Between Dzibilchaltún and Mérida’s city center sits the strikingly contemporary building of the Gran Museo del Mundo Maya. Built in 2012 in the shape of an abstracted ceiba tree (which in Maya mythology unites the three levels of the world), the museum expertly combines a vast collection of artifacts with up-to-date technology and display techniques, including immersive, multi-channel animations.
The Gran Museo divides its gallery spaces into two physically separated sections. During our visit, the first held an exhibition that was both innovative and straight-up weird. We never did figure out exactly what the thesis of the show was supposed to be (something related to evolution or extinction or how different cultures interpret the natural world?), but it included information on meteors as well as living, imagined, and extinct animals using geological fragments, fossils, European Renaissance prints, replicas of Maya artifacts, and a life-size installation representing the extinction and evolution of dinosaurs. Despite the jumble of ideas apparent throughout this section, most of the actual objects were interesting, while the unusual juxtapositions between seemingly unrelated items kept us engaged as well as confused.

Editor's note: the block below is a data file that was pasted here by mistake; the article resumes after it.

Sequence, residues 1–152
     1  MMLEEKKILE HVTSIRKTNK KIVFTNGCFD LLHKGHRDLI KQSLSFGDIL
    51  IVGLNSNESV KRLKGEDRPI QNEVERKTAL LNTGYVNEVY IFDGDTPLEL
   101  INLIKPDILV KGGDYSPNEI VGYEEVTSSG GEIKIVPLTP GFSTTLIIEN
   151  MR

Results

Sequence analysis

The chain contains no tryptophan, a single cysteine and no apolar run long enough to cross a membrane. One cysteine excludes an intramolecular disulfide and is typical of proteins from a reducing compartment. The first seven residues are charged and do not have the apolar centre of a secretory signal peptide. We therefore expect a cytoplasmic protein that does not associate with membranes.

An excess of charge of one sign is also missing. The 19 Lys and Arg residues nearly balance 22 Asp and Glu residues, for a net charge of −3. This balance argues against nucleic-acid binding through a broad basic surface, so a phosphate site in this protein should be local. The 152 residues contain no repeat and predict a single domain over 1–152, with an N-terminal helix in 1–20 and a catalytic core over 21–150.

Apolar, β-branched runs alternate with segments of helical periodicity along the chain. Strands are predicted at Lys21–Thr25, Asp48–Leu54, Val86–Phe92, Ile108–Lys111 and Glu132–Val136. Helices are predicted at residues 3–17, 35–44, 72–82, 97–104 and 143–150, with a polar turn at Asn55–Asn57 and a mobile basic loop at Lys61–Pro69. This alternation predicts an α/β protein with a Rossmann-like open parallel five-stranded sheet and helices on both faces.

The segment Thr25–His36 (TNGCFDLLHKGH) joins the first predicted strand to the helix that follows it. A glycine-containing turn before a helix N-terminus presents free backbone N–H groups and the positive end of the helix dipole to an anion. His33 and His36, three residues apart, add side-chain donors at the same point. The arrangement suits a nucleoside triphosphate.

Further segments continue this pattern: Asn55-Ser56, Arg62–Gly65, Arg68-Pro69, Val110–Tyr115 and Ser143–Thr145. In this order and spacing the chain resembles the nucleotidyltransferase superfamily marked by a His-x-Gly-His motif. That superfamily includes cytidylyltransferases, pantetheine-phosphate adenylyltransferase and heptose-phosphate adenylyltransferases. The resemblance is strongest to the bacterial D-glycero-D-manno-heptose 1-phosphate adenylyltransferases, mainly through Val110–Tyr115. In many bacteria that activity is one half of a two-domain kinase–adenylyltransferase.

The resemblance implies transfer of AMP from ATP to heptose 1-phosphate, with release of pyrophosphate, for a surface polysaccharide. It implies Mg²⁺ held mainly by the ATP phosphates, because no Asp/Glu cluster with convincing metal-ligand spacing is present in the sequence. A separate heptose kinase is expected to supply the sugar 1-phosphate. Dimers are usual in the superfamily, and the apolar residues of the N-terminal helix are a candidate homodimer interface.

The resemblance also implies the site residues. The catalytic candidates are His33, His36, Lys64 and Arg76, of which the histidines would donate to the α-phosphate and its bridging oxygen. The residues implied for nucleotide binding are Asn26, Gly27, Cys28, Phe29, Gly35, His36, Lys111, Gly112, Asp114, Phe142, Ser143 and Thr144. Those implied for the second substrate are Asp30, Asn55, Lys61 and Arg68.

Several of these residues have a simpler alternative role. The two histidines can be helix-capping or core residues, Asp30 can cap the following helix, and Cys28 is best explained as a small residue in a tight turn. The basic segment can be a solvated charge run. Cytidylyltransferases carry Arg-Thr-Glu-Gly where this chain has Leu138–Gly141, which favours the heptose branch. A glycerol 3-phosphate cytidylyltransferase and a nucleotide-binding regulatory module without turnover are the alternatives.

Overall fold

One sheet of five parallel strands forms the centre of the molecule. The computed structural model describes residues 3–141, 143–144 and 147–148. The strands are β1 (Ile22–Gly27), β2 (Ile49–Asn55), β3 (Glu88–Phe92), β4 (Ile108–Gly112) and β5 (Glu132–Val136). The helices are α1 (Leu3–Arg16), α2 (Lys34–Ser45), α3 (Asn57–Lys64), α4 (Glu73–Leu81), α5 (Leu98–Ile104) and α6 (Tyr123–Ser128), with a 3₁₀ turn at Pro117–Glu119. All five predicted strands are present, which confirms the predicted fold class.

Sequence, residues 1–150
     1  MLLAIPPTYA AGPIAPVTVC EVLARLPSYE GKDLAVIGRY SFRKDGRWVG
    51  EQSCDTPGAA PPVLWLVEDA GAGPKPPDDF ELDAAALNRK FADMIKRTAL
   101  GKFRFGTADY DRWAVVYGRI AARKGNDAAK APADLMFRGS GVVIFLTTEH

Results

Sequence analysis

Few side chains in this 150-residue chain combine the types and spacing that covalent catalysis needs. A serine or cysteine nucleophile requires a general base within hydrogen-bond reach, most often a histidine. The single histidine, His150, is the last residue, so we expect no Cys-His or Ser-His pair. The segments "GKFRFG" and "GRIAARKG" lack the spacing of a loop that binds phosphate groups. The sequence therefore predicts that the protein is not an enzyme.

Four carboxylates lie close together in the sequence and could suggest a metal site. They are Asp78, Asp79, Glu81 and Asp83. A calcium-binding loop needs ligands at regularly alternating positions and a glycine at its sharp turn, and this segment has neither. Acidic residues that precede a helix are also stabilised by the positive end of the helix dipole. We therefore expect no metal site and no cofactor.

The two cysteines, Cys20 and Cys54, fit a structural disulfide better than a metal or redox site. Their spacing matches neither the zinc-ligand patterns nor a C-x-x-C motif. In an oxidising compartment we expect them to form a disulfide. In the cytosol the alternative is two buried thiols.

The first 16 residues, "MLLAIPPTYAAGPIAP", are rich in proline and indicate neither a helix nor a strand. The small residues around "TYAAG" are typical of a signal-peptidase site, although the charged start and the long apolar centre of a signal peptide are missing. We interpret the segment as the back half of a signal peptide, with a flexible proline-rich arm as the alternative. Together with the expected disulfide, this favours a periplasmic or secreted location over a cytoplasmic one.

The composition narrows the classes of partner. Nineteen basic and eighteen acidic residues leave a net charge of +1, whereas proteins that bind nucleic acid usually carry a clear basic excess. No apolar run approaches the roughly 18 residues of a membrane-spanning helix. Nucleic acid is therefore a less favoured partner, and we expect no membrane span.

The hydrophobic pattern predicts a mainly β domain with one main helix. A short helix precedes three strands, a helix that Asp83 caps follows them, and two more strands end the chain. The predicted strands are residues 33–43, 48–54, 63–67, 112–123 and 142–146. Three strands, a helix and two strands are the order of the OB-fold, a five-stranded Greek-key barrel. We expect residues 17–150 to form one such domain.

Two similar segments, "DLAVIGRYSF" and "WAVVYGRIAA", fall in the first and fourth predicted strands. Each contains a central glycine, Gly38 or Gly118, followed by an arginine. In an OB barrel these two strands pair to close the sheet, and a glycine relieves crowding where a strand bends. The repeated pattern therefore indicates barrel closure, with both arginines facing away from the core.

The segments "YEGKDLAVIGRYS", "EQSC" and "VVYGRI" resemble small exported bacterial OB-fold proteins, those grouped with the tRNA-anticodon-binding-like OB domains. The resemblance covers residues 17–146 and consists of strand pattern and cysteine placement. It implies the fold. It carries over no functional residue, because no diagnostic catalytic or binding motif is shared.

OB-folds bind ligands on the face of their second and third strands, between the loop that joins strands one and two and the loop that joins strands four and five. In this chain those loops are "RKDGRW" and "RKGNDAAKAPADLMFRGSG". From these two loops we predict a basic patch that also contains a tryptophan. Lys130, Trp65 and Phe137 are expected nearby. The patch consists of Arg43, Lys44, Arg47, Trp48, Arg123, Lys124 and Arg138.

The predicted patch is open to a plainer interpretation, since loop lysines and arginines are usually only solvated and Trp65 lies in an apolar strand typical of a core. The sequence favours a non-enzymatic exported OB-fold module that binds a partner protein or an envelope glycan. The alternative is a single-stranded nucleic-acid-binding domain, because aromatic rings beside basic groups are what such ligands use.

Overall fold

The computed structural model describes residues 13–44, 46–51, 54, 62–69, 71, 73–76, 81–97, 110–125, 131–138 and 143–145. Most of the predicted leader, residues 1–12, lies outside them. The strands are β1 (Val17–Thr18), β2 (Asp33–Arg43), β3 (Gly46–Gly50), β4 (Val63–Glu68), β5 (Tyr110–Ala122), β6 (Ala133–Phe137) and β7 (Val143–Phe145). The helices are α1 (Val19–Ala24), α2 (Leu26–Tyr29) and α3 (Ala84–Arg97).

Even so, I will admit to being relieved when we entered the second section, dedicated to Maya history and the museum’s permanent collection of artifacts. These galleries alone are well worth a visit to the Gran Museo, as they include a plethora of fascinating objects, many of which diverge significantly from what you can find in textbooks or even specialist publications on Maya cultures. Also refreshing were the explanatory texts, many of which appear in Spanish, Mayan, and English and reflect a perspective that somehow feels both personal and scholarly.
Highly subjective personal rating: 8.5/10 [strongly recommended]
All photos by Renée DeVoe Mertz, May 21, 2015.